The Department of Environment and Science (DES) monitors sea-surface temperature (SST) anomalies in key regions of the Pacific Ocean over autumn, winter and spring, and provides objective outlooks for summer (November to March) rainfall on this basis. Leading up to summer, the Science and Technology Division of DES considered that the probability of exceeding median summer rainfall was near-normal for much of Queensland. Following a dry spring, there has been an extremely dry start to summer across most of Queensland. Until most recently, forecasts from the Bureau of Meteorology, based on climate modelling, have been indicating a higher than normal probability of below median rainfall over the remainder of summer for most of the state. The most recent modelling from the Bureau now indicates a near-normal probability of exceeding median rainfall for much of Queensland over the February to April period.
The most closely monitored driver of Queensland rainfall is the El Niño-Southern Oscillation (ENSO) phenomenon. Climate scientists monitor several ENSO indices, including the atmospheric Southern Oscillation Index (SOI) and SST anomalies in the central equatorial Pacific Ocean. The SST anomaly in the Niño 3.4 region of the central Pacific has been warmer than average over the last three months (+0.6°C for October to December). Furthermore, the SOI has been quite negative over the last three- and six-month periods (averaging -6.8 for October to December and -7.1 for July to December).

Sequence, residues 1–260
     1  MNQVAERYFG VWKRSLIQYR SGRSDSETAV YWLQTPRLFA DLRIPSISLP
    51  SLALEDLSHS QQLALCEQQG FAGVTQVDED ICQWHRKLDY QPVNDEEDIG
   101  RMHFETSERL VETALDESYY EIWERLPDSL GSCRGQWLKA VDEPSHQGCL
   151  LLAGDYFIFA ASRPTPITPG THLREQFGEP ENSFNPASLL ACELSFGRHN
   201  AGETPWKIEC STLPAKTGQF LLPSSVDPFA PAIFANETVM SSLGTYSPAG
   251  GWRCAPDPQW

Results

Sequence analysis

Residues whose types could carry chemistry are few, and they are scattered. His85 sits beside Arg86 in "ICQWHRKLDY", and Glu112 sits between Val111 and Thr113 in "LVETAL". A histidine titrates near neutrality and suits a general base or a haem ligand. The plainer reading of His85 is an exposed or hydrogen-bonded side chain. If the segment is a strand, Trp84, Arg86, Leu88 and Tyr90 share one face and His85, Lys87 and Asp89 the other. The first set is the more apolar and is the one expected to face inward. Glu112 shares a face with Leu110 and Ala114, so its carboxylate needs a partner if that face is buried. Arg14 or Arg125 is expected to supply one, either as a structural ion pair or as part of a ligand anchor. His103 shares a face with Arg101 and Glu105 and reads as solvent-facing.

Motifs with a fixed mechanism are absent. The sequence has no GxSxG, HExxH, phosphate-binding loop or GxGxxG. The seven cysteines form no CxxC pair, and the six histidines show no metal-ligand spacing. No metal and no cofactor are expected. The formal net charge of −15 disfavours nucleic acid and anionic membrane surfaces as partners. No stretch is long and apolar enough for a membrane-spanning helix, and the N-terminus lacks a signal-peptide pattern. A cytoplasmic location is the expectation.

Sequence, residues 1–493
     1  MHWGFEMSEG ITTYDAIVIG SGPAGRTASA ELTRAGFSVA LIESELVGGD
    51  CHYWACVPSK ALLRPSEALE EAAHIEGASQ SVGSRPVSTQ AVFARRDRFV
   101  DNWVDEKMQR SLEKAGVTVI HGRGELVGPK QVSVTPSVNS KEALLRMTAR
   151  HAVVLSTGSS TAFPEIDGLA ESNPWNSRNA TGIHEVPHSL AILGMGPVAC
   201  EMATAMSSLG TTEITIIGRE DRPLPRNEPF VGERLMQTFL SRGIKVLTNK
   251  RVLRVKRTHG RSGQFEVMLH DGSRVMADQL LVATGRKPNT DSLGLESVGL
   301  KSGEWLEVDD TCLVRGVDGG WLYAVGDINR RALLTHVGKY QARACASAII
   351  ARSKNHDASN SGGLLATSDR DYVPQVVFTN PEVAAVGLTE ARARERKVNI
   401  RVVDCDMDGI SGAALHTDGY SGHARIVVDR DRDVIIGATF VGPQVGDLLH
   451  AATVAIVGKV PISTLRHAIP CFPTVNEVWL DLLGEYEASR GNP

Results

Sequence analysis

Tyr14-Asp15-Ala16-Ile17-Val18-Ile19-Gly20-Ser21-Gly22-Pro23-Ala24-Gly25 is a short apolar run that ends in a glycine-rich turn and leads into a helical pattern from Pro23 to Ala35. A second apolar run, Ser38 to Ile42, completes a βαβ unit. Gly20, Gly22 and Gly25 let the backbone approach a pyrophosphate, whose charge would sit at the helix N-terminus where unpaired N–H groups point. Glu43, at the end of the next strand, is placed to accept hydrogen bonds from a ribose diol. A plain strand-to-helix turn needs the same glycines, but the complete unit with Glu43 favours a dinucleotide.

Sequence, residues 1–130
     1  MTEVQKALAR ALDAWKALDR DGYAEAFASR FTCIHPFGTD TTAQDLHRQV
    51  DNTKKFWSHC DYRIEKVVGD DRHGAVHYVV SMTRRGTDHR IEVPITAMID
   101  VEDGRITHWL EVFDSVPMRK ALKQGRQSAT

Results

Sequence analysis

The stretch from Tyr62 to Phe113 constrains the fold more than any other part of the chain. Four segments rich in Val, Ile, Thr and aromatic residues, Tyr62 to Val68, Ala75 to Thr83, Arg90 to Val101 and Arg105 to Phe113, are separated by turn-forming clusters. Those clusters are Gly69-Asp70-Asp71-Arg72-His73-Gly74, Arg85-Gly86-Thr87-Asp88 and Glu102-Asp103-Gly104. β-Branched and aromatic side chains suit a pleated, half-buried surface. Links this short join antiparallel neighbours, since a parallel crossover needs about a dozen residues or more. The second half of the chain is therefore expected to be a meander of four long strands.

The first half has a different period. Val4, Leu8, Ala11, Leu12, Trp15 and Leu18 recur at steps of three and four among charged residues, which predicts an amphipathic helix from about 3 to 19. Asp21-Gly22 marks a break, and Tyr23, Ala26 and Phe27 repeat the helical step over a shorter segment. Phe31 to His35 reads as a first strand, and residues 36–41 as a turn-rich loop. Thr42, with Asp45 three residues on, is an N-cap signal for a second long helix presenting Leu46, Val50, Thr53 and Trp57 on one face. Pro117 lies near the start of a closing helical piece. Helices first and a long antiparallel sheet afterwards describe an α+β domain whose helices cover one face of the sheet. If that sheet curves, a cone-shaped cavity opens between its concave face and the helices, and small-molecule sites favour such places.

Based on the above negative values of the SOI alone, DES would classify current conditions as being in an ‘El Niño’ state (see Australia’s Variable Rainfall poster for the DES criteria, and the Long Paddock website for outlooks based on the SOI). However, based on a range of other criteria, the Bureau of Meteorology and international agencies currently classify conditions as being ‘ENSO-neutral’.
As noted, Queensland has experienced an extremely dry spring and dry start to the summer. The following map (see map in PDF), for example, shows that rainfall has been extremely low across nearly all of Queensland over the last six-month period. Whilst, up until recently, the Bureau of Meteorology has forecast a lower than normal probability of exceeding median rainfall for the remainder of summer, the most recent modelling from the Bureau indicates a near-normal probability of exceeding median rainfall for much of Queensland over the February to April period. However, for parts of south-eastern Queensland the Bureau considers that the probability of exceeding median rainfall is lower than normal over this period.
Readers should note that seasonal outlooks are stated in terms of probabilities. For example, an outlook may be stated as ‘a 60 to 70 per cent probability of above median rainfall’. Such a statement should be interpreted as also meaning a 30 to 40 per cent probability of below median rainfall. In cases where outcomes with a high probability may be more likely, this does not mean that less probable events will not occur in any given year.
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